Unfortunately for straight heart people, I have to cite following lines from Encyclopedia volume (Routledge, 2008) about non-existing Zhang Sanfeng personality: “Zhang Sanfeng (“Zhang Triple Abundance” or “Zhang Three Peaks”) is a famous Taoist said to have lived between the end of the Yuan (1260-1368) and beginning of the Ming periods (1368-1644). His historical existence, however, is unproved.”—Martina Darga
Nevertheless, never mind.
“In the first years of the Ming period, Zhang reportedly established himself on Mount Wūdāng 烏當 (Wudang shan, Hubei), where he lived in a thatched hut. With his pupils he rebuilt the mountain monasteries destroyed during the wars at the end of the Mongol dynasty… As time went on, the legends multiplied and became increasingly exaggerated. Zhang is known as the founder of tàijí quán 太極拳 (a claim without historical evidence) and the patron saint of practitioners of this technique. During the sixteenth and seventeenth centuries a connection to the sexual techniques (fángzhōng shū 房中書) was also established and texts dealing with these practices were ascribed to him.”—Martina Darga
I cannot say I am much bothered by the fact of existing or non-existing a real person behind the name: during centuries of humanity strange and unexplained things do happen every day. What I really like is the time of texts’ creation, it is still my favorite period of Chinese history, and the time after 1644 is definitely stranger than anything else—people begin to write and print too much books and they are too long to read them all. If I have a choice to choose sources for my daytime (and I have the choice) I always prefer shorter and more ancient to prolific and modern. If I am not satisfied a bit what I have already found now I just add a bit silence to my day. This small gesture always helps a lot.—Sri Yantra Master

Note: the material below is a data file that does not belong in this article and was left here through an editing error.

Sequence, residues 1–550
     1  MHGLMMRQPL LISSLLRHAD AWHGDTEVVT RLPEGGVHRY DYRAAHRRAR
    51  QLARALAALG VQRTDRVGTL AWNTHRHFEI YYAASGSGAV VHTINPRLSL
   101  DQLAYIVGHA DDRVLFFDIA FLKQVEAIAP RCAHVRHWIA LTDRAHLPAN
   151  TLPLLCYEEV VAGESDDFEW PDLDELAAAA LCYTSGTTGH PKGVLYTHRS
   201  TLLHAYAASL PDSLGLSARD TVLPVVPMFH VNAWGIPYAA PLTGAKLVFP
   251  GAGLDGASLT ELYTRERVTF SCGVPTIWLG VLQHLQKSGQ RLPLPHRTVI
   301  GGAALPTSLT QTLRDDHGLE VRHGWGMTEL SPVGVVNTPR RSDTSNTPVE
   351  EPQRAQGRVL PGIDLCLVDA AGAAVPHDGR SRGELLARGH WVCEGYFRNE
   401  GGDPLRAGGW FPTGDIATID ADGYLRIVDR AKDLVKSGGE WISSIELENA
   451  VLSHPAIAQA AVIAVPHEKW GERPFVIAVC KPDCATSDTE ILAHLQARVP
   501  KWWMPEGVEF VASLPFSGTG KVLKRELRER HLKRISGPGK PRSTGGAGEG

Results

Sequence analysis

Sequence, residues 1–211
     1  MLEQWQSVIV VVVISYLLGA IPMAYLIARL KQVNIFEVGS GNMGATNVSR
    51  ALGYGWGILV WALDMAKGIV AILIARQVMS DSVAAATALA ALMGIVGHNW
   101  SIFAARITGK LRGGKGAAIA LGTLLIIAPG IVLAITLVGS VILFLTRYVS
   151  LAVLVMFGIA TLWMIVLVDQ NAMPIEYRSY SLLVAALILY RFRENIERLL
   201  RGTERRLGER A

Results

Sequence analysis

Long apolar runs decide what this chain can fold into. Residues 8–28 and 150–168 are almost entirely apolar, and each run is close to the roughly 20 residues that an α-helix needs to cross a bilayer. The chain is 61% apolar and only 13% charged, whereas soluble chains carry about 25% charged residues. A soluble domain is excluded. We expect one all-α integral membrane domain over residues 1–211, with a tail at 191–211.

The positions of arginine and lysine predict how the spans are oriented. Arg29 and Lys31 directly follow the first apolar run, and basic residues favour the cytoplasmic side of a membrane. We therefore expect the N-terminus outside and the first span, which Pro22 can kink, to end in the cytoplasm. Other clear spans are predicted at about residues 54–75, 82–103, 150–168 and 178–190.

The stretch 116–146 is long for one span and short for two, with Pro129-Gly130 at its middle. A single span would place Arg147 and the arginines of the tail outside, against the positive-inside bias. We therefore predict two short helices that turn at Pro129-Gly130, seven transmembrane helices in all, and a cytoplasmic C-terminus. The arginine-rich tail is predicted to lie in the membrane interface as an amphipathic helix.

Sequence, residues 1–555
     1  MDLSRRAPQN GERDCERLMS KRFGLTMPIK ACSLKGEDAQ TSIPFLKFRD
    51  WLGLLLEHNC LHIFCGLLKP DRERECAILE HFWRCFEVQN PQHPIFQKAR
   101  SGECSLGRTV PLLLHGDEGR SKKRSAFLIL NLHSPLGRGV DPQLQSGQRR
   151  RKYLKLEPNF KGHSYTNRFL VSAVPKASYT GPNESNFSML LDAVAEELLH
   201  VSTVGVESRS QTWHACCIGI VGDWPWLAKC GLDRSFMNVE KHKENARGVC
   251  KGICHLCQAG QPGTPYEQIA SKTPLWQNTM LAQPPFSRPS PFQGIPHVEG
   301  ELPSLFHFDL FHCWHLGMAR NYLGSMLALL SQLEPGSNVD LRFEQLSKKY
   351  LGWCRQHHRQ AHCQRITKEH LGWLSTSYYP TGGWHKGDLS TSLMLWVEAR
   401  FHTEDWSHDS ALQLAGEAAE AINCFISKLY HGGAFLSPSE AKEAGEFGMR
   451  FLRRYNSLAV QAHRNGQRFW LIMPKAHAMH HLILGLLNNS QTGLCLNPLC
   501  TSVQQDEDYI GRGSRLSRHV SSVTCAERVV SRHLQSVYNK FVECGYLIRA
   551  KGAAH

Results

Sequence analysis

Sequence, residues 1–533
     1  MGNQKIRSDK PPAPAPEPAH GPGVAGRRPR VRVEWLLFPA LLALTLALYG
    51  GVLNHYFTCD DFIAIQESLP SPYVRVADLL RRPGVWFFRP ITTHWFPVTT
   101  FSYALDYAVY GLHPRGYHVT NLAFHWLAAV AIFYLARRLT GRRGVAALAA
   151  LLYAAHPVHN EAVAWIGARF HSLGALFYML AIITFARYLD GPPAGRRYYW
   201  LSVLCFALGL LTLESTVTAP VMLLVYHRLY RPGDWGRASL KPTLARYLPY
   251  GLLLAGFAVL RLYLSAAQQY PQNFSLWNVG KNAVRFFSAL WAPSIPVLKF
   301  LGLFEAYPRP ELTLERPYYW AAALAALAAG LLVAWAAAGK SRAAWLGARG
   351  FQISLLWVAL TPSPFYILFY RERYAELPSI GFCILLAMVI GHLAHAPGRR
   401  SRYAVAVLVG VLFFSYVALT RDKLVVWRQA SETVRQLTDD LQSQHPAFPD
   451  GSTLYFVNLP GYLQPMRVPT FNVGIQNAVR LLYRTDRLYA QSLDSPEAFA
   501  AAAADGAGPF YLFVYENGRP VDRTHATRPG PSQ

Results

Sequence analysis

The idea to attach martial art techniques to sexual guides and all philosophy behind it to the one personality is absolutely marvelous and Asian:) In European culture nobody’s name comes to mind. Am I wrong?